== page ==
This time, the advance was slower, because there were a lot more people. The heat was suffocating. We arrived at the midpoint of our advance at about 12:15 pm. At that moment, a functionary appeared, with the air of being the “political coordinator”. In an imperious tone of voice, he ordered everyone to be silent and began his speech. “Thanks to the political will of this government, we’re administering the Covishield vaccine, from India,” he proclaimed.

He warned that we’d all have to sign a “voluntary consent” form, freeing the government from any responsibility. However, he continued, we shouldn’t worry, because – “Thanks to Jesus Christ” – the vaccine hadn’t caused any adverse reactions. If we should experience any secondary effects, we could go to any hospital or health center.

A pleasant Minsa worker took our blood pressure, and we continued advancing. Finally, an hour later, we were in the first row, once again filling out our data. I signed the Minsa form, giving my “voluntary consent”. The form itself was crowded with propaganda. In the upper right corner, it said: “2021, Victorious Hopes”. The lower right was emblazoned with one of the FSLN campaign slogans: “Daniel, a united Nicaragua triumphs.”

I don’t know if the speech of the Minsa functionary acting as “political leader” is part of the National Vaccine Plan’s protocol. In my case, I had to listen to him twice. The second time, the functionary – now standing only some three yards from me – began his discourse with the same phrase.  He reiterated that we were going to receive the Covishield vaccine: “Thanks to the political will of this government.”

Around 1:20 p.m., we entered a closed office, in a group of ten. That’s where the vaccines were being stored, and would be applied. First, however, we had to go through a new data registration. The Minsa functionary acting as the “political head” was supervising all the details. He pointed me to the person who would receive me.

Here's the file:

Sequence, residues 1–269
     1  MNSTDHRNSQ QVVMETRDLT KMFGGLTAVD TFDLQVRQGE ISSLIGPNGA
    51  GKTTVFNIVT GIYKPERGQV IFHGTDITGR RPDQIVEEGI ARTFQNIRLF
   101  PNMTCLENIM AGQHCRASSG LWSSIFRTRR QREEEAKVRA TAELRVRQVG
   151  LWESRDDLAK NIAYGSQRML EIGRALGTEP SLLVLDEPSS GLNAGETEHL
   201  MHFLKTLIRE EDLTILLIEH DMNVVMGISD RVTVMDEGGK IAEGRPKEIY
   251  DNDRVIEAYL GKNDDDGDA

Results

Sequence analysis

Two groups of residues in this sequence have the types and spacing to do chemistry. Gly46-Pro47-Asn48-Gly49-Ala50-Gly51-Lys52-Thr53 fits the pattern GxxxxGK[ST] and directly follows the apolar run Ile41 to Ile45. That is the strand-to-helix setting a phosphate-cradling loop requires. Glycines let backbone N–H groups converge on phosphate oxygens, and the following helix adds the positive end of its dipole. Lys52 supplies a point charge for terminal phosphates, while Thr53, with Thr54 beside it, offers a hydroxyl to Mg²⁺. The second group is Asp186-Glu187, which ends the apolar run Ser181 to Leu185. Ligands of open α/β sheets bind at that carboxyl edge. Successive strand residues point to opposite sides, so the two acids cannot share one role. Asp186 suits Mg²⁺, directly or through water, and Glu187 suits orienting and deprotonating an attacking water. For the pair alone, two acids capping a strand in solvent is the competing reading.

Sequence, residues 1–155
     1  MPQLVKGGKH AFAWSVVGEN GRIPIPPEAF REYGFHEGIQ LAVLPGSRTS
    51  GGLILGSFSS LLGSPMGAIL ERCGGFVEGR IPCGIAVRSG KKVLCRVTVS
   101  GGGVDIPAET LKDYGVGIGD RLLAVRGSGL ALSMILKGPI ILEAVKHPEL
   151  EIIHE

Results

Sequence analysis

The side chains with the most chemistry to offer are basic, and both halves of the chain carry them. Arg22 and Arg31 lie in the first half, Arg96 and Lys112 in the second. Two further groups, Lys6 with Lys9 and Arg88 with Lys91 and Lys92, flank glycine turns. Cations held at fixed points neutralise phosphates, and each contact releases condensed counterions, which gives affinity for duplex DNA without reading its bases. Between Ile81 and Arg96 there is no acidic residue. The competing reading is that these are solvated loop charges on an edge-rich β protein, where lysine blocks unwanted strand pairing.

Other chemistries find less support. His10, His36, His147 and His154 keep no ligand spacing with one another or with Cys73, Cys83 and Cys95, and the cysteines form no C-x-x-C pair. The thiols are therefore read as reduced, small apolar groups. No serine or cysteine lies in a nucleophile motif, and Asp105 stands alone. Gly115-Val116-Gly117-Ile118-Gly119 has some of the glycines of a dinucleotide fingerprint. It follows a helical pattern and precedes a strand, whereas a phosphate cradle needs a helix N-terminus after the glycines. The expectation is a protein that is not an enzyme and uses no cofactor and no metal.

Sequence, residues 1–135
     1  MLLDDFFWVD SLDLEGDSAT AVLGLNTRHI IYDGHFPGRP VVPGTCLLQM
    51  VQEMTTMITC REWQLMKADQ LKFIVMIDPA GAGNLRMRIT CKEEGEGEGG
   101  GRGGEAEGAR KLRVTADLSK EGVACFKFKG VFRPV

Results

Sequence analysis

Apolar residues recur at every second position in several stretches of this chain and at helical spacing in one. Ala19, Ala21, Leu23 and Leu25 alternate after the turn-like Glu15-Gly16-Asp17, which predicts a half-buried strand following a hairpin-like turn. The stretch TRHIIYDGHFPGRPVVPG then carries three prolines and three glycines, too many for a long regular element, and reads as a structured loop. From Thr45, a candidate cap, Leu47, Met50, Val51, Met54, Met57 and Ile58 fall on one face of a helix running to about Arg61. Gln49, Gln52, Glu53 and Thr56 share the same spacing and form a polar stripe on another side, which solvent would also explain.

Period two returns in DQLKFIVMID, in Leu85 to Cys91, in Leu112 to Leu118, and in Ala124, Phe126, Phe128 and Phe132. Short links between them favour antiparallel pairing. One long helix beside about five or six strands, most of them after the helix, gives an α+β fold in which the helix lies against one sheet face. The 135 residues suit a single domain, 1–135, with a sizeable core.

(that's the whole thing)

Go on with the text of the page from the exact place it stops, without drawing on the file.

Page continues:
Behind the computer was a young man in a white polo shirt. Unlike the other personnel, whose white shirts were unadorned, or had only a Minsa logo, his sported a very prominent badge.  The inscription, in red and black letters, read: “Sandinista Leadership Council”. On the left sleeve was another insignia, with the letters FSLN.

“Chamorro Barrios, Carlos Fernando,” he read as he typed.

“Doña Violeta’s son? Your address?”

When he had finished filling out the form, I asked him:

“Your shirt – Is that the Health Ministry uniform?”

“Of course it is,” he answered, not paying much attention to me.

“But your shirt says FSLN.”

“That’s because I dripped coffee on my shirt, and they lent me this one outside,” he justified.

Finally, at 1:30 p.m., I was finally ready to be vaccinated. A Minsa assistant displayed the vaccine vial, with the green “Covishield” label, and diligently applied it.  At that moment, the photographer reappeared, now accompanied by two assistants. Using their cellphones, they conducted a photoshoot where I seemed to be the only subject.

Twenty minutes later, my wife and I were completing the mandatory rest period after being vaccinated. By that time, the Ortega social networks were already premiering the photos, and celebrating. “Carlos Fernando Chamorro, the independent pseudo-journalist, has received the vaccine.  He’s been vaccinated against rabies and Covid, the filthy sell-out.”

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Carlos F. Chamorro

Periodista nicaragüense, exiliado en Costa Rica. Fundador y director de Confidencial y Esta Semana. Miembro del Consejo Rector de la Fundación Gabo. Ha sido Knight Fellow en la Universidad de Stanford (1997-1998) y profesor visitante en la Maestría de Periodismo de la Universidad de Berkeley, California (1998-1999). En mayo 2009, obtuvo el Premio a la Libertad de Expresión en Iberoamérica, de Casa América Cataluña (España). En octubre de 2010 recibió el Premio Maria Moors Cabot de la Escuela de Periodismo de la Universidad de Columbia en Nueva York. En 2021 obtuvo el Premio Ortega y Gasset por su trayectoria periodística.